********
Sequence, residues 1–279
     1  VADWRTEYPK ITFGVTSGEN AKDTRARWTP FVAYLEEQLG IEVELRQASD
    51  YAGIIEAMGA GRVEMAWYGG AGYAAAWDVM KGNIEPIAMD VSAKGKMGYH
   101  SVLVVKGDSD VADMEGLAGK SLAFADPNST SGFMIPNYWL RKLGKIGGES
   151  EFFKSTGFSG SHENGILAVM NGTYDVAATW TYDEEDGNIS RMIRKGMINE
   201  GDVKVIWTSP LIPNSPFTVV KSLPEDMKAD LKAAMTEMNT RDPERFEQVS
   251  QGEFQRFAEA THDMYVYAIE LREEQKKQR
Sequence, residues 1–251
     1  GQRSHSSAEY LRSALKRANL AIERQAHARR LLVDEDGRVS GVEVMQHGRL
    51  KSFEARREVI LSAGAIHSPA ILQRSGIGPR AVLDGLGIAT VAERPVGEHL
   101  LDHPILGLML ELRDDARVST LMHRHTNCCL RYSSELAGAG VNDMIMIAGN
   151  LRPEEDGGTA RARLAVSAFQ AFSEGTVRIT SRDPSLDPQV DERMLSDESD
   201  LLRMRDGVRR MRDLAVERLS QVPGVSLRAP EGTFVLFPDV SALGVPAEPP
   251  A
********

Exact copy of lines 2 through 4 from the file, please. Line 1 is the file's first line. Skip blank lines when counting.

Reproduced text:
     1  VADWRTEYPK ITFGVTSGEN AKDTRARWTP FVAYLEEQLG IEVELRQASD
    51  YAGIIEAMGA GRVEMAWYGG AGYAAAWDVM KGNIEPIAMD VSAKGKMGYH
   101  SVLVVKGDSD VADMEGLAGK SLAFADPNST SGFMIPNYWL RKLGKIGGES